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Non‐destructive subsurface damage monitoring in bearings failure mode using fractal dimension analysis

Non‐destructive subsurface damage monitoring in bearings failure mode using fractal dimension... Purpose – Bearings in field applications with high dynamic loading, e.g. wind energy plants, suffer from sudden failure initiated by subsurface material transformation, known as white etching cracks in a typical scale of μm, preferably around the maximum Hertzian stress zone. Despite many investigations in this field no precise knowledge about the root cause of those failures is available, due to the fact that failure under real service conditions of wind energy plants differs from what is known from test rig results in terms of contact loading, lubrication or dynamics. The purpose of this paper is to apply Barkhausen noise measurement to a full bearing test ring running under conditions of elastohydrodynamic lubrication (EHL) with high radial preload. Design/methodology/approach – Full bearing tests are carried out by use of DGBB (Deep Grove Ball Bearings) with 6206 specification, material set constant as 100Cr6, martensitic hardening, 10‐12 percent maximum retained austenite and radial preload of 3500 MPa. Speed is set 9000 rpm, temperature is self setting at 80°C by test conditions. For tests, synthetic hydrocarbon base oil (Poly‐α‐Olefine) with a 1 percent amount of molydenum‐dithiophosphate (organic chain given as 2‐ethylhexyl) was used. Findings – Non‐destructive fractal dimension analyses by use of Barkhausen noise measurements is of versatile value in terms of recording bearing manufacturing processes, but can also be part of non‐destructive condition monitoring of bearings in field applications, where predictive reactive maintenance is crucial for availability of the plant. Research limitations/implications – Barkhausen noise signal recording may also be valuable for case studies related to microstructure changes of steel under operation conditions. Bearings are exposed in plenty of conditions to phenomena such as straying currents, subsequently straying magnetic fields. Hardly anything is known about how microstructure of bearing steel is susceptible to such conditions. This will be part of further studies. Originality/value – Results given in the paper show that sudden bearing failure, according to formation of subsurface material property changes might be driven by activities of dislocations. Since those activities start with sequences of stress field‐induced formation of domains, later by formation of low‐angle subgrains, and at least phase transformation, recording of the Barkhausen signal would lead to real predictive condition monitoring in applications where a highly dynamic loading of the contact, even with low nominal contact pressure leads to sudden failure induced by white etching. http://www.deepdyve.com/assets/images/DeepDyve-Logo-lg.png Industrial Lubrication and Tribology Emerald Publishing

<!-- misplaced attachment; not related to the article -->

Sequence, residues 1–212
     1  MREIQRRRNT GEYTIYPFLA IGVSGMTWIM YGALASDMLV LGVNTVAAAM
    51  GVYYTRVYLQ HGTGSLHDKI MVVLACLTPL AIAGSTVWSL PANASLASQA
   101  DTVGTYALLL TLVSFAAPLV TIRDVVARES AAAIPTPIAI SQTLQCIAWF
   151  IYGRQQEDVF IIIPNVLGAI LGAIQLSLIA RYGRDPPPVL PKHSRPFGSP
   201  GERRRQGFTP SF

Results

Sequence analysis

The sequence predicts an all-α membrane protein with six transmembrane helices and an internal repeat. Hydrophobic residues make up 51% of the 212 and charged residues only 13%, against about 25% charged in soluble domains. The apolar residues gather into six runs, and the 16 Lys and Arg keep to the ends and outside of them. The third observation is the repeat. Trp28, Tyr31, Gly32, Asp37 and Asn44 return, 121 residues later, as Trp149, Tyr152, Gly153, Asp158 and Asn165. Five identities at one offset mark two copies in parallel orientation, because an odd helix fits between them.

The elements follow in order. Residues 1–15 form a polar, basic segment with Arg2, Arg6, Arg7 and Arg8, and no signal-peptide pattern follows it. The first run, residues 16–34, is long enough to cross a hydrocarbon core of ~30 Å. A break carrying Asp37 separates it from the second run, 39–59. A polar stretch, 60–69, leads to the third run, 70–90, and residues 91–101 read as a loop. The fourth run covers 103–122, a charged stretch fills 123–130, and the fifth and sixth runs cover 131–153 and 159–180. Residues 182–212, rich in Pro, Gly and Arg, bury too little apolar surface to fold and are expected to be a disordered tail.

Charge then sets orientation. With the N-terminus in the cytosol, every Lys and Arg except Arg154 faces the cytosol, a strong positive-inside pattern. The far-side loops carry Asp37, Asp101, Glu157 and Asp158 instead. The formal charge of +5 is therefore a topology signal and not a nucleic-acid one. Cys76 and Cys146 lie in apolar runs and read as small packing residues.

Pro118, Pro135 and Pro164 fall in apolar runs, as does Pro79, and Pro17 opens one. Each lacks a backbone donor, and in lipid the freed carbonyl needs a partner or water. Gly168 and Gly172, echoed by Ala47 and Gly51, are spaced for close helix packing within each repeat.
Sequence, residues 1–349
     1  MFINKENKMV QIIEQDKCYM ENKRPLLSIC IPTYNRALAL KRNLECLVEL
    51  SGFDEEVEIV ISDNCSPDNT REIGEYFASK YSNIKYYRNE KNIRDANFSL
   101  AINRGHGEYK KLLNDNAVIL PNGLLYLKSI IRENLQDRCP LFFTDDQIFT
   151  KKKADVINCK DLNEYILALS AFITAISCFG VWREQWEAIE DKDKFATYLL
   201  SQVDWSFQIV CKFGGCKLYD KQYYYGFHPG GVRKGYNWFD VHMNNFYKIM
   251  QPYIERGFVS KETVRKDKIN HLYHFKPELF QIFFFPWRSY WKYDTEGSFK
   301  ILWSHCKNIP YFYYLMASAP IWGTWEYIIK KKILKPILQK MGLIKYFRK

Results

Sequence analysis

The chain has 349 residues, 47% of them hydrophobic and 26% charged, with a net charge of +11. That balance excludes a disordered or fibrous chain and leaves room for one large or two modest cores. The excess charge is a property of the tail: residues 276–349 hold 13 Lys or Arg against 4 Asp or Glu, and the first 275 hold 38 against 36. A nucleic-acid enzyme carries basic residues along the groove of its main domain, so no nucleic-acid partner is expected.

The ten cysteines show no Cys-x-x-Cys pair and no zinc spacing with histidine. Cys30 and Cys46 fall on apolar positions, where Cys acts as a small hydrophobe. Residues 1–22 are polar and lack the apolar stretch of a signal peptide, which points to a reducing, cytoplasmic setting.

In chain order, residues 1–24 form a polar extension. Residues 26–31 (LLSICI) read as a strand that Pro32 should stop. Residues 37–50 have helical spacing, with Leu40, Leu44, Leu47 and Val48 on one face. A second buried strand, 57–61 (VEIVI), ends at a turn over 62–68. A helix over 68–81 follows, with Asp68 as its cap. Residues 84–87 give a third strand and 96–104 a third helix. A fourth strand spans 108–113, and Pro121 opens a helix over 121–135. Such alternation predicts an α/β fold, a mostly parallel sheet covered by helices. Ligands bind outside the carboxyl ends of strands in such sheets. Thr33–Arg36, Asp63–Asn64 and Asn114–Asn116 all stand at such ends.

Non‐destructive subsurface damage monitoring in bearings failure mode using fractal dimension analysis

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Publisher